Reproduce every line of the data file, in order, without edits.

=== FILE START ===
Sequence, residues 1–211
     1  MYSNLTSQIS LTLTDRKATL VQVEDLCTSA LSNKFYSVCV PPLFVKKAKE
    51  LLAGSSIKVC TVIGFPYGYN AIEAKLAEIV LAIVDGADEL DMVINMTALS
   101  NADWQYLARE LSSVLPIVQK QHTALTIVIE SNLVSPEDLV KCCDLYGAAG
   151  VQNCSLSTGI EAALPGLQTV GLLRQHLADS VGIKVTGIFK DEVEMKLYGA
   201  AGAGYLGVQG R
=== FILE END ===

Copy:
Sequence, residues 1–211
     1  MYSNLTSQIS LTLTDRKATL VQVEDLCTSA LSNKFYSVCV PPLFVKKAKE
    51  LLAGSSIKVC TVIGFPYGYN AIEAKLAEIV LAIVDGADEL DMVINMTALS
   101  NADWQYLARE LSSVLPIVQK QHTALTIVIE SNLVSPEDLV KCCDLYGAAG
   151  VQNCSLSTGI EAALPGLQTV GLLRQHLADS VGIKVTGIFK DEVEMKLYGA
   201  AGAGYLGVQG R